Several years ago, when Lombardi traded Patrick O’Sullivan for Justin Williams, Helene Elliott wrote a column essentially arguing that Lombardi was letting his ego drive his decision-making, making deals that were not good for the team just because a player pissed him off. Her evidence was, I believe, the Mike Cammalleri trade and the O’Sullivan trade. I thought she was totally full of shit at the time (here: “Helene Elliott = annoying and clueless”).
But I have to admit, in the wake of the Loktionov trade, I’ve been thinking she might have been right.
MIKE CAMMALLERI — Lombardi dealt him, according to this theory, because he dared to ask for more money. The fact that he was actually being a selfish prick mitigates this somewhat, but play along. I have always argued that the Cammalleri trade was necessary because the alternative was to pay him what he wanted and that would have made Brown, Kopitar and every subsequent deal more expensive (having the Cammalleri deal as a benchmark). But both can be true: Cammalleri could have been upsetting Lombardi’s numbers and offending him personally at the same time. And the personal affront would of course make it easier for Lombardi to ship him off.
PATRICK O’SULLIVAN — O’Sullivan/Williams trade was a good one, but there’s no denying that he shipped him out at least in part because he dared to hold out (the other part of it was he proceeded to suck after he signed).
ANDREI LOKTIONOV — Lombardi dealt Loktionov after he had the temerity to request a trade. I find it hard to believe that the smiling Russian kid with broken English did any of the talking. I bet it was his agent who made the request and his agent who pissed off Lombardi. Loktionov also signed with the KHL back in September, before being reeled back in to Manchester, so that “betrayal” may have been sticking in Lombardi’s craw.
Lombardi then dealt Loktionov away for essentially nothing, and then told reporters he tried to trade Loktionov last year and no one wanted him and also he may well go back to Russia in the summer so his value is low.
The point is, Lombardi appears to be vindicative.
I don’t have a problem with vindictiveness per se. Maybe he needs a little sprinkle of venom to give him whatever he needs to pull the trigger on a deal. Whatever it takes to do what’s best for the team. However, sometimes — as I made fun of Helene Elliott for pointing out — if one’s ego gets in the way of one’s own best interests, that’s a problem.
This is the guy who kept Bernier in the AHL for years because he had a “bad attitude.” Which I think means, he thought he deserved to be in the NHL before Lombardi thought he had earned it. Jonathan Quick (and I love Quick so don’t get me started) had the same numbers as Bernier when Quick was called up to replace Labarbera. Lombardi explained this by saying that Lombardi valued seniority and paying your dues, and that meant Quick was more deserving than Bernier.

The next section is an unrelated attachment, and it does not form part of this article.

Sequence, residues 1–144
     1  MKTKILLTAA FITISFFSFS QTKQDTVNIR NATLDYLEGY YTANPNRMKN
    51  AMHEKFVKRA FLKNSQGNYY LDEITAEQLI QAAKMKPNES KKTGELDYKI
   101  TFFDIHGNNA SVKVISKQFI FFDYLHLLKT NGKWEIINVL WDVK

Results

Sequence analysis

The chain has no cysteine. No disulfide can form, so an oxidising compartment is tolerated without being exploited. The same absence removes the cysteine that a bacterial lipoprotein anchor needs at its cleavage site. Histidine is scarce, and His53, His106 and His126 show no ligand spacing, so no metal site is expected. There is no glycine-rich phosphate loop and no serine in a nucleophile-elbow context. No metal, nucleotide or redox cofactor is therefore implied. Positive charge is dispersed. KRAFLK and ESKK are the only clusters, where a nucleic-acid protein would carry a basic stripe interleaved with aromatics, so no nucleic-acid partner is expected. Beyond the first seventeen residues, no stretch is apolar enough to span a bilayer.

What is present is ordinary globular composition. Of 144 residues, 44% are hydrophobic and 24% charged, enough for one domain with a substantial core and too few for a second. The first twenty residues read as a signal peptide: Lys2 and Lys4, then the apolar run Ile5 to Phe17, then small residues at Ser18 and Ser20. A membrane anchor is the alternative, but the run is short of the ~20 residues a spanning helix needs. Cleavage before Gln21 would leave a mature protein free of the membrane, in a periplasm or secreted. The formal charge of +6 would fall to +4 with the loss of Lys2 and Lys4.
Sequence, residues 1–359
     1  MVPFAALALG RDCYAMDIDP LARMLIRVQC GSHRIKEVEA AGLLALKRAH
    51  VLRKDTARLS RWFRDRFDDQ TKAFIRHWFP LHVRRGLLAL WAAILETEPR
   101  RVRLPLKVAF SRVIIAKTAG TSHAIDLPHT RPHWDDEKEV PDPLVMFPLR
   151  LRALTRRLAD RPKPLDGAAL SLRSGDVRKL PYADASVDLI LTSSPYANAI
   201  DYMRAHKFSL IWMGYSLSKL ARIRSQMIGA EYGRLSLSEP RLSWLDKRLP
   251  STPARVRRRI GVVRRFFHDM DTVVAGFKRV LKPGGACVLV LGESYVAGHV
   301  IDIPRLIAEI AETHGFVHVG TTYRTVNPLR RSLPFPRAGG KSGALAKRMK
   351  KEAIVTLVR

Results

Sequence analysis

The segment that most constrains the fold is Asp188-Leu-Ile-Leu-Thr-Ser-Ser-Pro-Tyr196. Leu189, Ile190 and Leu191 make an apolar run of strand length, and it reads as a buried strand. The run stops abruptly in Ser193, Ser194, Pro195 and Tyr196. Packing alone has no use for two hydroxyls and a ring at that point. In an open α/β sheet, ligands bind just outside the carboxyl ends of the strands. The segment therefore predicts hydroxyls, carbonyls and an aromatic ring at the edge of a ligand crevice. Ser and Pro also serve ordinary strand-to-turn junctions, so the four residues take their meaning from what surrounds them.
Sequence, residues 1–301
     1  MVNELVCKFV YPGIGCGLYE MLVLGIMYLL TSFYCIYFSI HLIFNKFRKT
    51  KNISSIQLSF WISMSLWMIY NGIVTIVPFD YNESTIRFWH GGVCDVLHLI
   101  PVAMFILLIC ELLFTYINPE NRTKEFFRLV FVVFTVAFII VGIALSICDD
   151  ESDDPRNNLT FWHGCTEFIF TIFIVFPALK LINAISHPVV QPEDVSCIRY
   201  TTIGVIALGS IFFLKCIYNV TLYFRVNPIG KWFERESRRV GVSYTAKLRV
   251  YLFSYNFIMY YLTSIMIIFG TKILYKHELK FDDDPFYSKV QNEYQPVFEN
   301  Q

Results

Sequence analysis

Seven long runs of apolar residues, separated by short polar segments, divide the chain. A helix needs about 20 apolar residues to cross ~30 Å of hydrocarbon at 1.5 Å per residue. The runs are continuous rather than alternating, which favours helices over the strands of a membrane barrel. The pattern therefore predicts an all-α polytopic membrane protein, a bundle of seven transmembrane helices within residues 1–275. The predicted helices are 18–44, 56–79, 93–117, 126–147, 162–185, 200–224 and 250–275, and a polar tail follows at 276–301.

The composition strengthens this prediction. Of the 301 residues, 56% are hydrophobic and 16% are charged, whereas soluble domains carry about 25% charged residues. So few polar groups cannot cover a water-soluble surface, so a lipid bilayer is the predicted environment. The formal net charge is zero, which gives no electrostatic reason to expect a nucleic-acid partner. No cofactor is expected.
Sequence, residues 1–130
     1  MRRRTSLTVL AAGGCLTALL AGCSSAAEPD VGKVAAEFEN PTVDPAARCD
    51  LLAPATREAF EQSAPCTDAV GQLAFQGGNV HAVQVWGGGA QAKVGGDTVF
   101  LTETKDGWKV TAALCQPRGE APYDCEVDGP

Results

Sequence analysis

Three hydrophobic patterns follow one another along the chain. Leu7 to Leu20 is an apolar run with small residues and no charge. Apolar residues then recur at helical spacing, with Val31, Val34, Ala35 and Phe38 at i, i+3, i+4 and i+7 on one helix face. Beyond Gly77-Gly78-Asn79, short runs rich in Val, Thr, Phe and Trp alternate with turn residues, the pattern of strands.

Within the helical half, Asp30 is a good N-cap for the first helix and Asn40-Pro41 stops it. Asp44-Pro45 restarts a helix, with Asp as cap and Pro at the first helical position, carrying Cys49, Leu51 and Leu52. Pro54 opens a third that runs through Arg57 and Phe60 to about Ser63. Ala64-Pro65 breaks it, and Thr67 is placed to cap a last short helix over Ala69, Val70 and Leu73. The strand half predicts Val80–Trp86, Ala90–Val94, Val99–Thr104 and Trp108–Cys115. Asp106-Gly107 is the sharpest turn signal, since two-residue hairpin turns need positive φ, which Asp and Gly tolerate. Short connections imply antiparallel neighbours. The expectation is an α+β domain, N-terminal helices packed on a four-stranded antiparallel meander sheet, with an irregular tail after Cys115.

But that logic didn’t exactly help Thomas Hickey, who also put in his time, paid his dues, had seniority, etc.
The “seniority” explanation reminds me of the “been with the team all year” explanation for putting Drewiske and Westgarth on the cup but not Loktionov. Both excuses kind of cause you shrug your shoulders, if you’re being generous, but if you’re not feeling generous it’s it seems like B.S.
JACK JOHNSON — Remember that Lombardi and JJ had a fairly public run-in, involving Michigan and Lombardi’s comments regarding Jack’s play under Red Berenson. I happen to think the Johnson trade was ingenius and possibly one of the best trades in Kings’ history. But there’s no denying that Lombardi had “friction” with Johnson, and then Johnson was gone.
I got another one.
RYAN SMYTH — Think back to June, 2011. Doughty’s contract negotiations had begun, but we, the unsuspecting public, hadn’t yet heard about any problems — though we would learn later (via Helene Elliott) that Lombardi and Don Meehan, Doughty’s agent — had already had some pretty ugly and unproductive “conversations.” At that point, the only people who thought Doughty might hold out where tin-foil-hat-wearers, like me.
Then the bizarre episode called Mulletgate happened. It was leaked to the press that Ryan Smyth had, a few months prior, requested a trade back to Edmonton. Lots of things didn’t make sense about the way Mulletgate went down. Here’s what I said at the time: